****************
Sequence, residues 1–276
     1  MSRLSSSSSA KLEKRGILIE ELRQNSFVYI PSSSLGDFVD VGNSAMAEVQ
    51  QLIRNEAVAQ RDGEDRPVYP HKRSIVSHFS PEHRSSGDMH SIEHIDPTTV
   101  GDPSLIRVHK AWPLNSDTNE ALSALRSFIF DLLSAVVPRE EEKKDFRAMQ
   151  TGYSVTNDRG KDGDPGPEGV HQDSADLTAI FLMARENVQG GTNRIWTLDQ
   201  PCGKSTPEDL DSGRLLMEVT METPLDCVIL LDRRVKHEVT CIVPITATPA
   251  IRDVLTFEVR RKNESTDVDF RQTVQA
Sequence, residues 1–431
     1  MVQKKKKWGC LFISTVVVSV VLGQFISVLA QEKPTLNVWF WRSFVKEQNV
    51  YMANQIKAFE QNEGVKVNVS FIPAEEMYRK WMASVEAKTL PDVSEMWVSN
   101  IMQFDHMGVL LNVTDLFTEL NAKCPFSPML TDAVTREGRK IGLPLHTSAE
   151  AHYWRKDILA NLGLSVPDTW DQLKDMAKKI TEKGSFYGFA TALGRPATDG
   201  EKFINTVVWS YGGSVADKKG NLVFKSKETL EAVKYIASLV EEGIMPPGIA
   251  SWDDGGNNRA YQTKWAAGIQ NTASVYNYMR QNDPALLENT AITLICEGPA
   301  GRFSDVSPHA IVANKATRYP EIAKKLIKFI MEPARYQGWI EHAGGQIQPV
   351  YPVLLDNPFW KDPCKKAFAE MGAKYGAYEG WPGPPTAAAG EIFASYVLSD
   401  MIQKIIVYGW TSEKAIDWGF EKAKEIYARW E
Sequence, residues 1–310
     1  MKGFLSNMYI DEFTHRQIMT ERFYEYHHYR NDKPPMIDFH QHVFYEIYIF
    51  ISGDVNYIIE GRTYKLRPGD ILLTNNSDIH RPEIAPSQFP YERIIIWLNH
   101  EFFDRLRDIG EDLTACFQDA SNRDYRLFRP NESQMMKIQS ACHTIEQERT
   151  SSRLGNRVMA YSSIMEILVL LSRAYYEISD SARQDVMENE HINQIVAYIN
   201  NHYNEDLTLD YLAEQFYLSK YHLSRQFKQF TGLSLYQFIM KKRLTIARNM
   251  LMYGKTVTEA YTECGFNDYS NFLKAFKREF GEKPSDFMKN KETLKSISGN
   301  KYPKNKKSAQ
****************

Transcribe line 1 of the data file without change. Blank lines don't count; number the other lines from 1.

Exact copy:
Sequence, residues 1–276